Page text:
Project 23550, Ivan Papanin class icebreaking patrol vessel, with towing capability and containerized cruise missiles.

The National Interest is reporting that the Russians are planning to use lasers as a way to facilitate icebreaking.

…. “Later this year, scientists aboard the Dixon, a Russian diesel-powered icebreaker operating in the White Sea, will begin testing of a 30-kilowatt ship-based laser, designed specifically for easing the movement of ships operating in the Arctic environment,” Sputnik News said. “The project involves experts from the Moscow-based Astrofizika Design Institute, with the assistance of St. Petersburg’s Arctic and Antarctic Research Institute.”

A Russian physicist told Russian media that the new laser is designed as an ice cutter rather than a weapon. “We’re talking about easing as much as possible navigation through northern regions. In addition, it’s necessary to test empirically calculations, create the system, measure energy consumption and calculate many other parameters. For the first stage this is enough.”

The author of the post may be a bit confused. He refers to,

More details are emerging about Russia’s trump card for control of the Arctic: laser-armed, nuclear-powered “combat icebreakers.”

But he refers to the Project 23550 (Ivan Papanin) class icebreaking patrol vessels which we talked about earlier, armed but relatively small (for an icebreaker) and definitely not nuclear powered icebreaking patrol ships with provision for mounting containerized cruise missiles.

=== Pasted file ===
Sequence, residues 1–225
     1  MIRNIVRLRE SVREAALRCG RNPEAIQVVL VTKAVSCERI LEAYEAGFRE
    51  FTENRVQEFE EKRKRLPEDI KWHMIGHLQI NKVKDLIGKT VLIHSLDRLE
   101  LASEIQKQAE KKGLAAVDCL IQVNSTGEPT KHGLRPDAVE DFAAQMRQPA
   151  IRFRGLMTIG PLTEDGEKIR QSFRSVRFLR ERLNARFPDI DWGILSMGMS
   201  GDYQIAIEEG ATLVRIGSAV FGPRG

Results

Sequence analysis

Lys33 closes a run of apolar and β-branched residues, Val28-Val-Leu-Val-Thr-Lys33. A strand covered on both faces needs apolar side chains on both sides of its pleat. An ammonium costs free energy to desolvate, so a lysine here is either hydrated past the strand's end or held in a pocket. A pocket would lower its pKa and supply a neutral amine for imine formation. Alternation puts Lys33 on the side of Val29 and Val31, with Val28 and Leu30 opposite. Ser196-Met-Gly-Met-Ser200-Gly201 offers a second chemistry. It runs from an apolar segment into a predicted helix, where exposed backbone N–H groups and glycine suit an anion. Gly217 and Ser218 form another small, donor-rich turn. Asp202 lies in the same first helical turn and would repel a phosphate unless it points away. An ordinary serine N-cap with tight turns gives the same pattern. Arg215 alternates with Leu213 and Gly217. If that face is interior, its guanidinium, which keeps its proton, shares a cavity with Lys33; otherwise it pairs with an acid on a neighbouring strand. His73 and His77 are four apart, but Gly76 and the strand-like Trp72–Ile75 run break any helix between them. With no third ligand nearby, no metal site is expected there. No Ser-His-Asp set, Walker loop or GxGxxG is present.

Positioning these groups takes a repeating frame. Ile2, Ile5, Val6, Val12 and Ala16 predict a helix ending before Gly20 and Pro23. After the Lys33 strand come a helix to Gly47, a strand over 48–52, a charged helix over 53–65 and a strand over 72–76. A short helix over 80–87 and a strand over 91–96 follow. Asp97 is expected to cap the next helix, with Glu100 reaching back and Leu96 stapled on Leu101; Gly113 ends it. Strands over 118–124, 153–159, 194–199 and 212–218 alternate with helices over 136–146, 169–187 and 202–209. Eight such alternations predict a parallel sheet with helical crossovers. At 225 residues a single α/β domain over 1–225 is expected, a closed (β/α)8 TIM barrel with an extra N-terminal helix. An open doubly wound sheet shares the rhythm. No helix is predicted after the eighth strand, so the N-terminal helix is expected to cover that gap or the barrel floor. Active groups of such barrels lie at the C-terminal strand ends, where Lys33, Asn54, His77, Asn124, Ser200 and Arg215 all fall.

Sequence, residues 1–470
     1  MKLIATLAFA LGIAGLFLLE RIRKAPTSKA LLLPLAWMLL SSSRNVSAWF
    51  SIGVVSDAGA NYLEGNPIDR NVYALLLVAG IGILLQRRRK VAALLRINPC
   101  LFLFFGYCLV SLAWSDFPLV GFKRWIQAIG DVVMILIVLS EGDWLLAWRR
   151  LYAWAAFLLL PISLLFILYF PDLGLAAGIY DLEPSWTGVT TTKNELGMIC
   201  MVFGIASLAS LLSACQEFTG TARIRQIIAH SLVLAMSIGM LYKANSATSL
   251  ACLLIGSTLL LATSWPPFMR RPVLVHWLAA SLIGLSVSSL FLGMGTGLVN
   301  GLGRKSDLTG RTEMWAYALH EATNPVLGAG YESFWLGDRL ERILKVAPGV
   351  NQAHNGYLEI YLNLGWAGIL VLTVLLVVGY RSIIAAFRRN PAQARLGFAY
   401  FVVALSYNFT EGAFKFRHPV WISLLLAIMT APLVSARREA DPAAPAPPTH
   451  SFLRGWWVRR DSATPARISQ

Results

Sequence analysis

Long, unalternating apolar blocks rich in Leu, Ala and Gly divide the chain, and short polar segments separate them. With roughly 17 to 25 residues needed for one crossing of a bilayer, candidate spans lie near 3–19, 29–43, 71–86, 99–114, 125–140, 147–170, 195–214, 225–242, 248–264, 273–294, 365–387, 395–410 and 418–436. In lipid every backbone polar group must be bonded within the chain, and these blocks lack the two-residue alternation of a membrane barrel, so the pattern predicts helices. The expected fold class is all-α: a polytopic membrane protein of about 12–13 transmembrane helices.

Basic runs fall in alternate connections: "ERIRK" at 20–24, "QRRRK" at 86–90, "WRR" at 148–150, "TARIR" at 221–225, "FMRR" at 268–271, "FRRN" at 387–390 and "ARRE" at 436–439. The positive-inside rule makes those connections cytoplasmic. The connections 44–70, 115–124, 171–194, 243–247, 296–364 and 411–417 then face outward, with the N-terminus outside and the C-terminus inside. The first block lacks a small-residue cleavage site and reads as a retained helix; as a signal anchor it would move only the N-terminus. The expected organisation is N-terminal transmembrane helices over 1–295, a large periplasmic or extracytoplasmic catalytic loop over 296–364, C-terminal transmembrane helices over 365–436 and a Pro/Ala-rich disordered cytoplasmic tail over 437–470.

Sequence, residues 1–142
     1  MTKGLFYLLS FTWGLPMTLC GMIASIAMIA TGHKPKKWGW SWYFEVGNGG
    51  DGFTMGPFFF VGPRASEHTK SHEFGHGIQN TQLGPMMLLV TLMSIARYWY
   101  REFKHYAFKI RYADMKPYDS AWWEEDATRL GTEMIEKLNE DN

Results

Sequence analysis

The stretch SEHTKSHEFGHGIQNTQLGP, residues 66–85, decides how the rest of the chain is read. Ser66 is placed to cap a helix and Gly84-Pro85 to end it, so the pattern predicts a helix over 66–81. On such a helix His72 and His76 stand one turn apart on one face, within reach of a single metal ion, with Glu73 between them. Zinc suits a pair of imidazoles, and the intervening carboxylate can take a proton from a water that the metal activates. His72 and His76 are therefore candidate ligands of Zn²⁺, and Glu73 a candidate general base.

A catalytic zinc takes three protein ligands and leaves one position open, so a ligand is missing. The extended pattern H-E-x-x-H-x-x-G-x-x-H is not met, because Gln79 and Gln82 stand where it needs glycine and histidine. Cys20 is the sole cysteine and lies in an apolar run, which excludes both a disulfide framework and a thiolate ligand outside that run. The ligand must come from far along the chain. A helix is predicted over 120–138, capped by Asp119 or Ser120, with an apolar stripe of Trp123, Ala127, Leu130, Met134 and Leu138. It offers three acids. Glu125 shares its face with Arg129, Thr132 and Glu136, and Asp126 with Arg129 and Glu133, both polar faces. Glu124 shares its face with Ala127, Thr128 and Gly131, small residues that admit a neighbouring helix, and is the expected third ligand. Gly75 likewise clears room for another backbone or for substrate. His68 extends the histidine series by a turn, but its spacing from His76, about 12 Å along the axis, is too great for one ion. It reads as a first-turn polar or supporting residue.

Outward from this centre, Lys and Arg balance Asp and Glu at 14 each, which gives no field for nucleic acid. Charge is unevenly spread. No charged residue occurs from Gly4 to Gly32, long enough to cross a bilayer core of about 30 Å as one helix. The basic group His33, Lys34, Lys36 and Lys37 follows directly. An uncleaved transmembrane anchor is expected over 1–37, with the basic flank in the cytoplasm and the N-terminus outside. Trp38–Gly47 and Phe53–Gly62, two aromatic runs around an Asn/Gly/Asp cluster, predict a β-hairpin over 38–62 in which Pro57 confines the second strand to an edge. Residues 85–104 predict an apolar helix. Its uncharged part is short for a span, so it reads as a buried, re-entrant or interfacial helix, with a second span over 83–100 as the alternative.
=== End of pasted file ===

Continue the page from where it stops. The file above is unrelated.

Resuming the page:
The author seems to have assumed that the laser could also be used as a weapon although the mounting and targeting requirements for a laser weapon would be much different.

Despite the author’s apparent confusion, this is the first I have heard of using lasers to facilitate icebreaking. Using one to open a crack in the ice before the bow hits might be worthwhile. Whether it is even feasible ought to be something that could be determined mathematically.

Sounds like something worth looking at.

Naval Research Lab Develops New Paint

Port side view of USS Essex (LHD 2) after full application of an NRL-developed 1K polysiloxane topcoat in 2017.

NavalToday is reporting that the Naval Research Laboratory has developed a new topside paint that will last longer and is both cheaper and easy to apply. Now it has had its first large-scale application, USS Essex.

Single-component refers to an all-in-one-can system that does not require the measuring and mixing of two or more components before application, thus providing a “user-friendly” system for Sailors when applying on ships.

“The 1K polysiloxane is easy to use. There is no mixing, surface preparation is easy, and it covers well,” said Lt. j.g. Donald Ham, Essex’s Assistant Deck Department Head. “We painted our entire hull with approximately 320 gallons of the 1K, whereas it would have taken greater quantities of qualified two-component (2K) polysiloxanes. Thus, we not only saved time, but we saved money. The best part is that the 1K polysiloxane rolls-on the ship just like the legacy silicone alkyds.”

New Zealand and Chile Agree on SAR responsibility

New Zealand and Chile agree on SAR responsibility

NavalToday reports New Zealand and Chile have concluded an agreement delineating SAR responsibility over an area of roughly 60 million square kilometers that extends all the way to the South Pole and includes area Coast Guard Polar Icebreakers will routinely transit on the way to Antarctica.

Ultimately this may have some impact on territorial claims to Antarctica.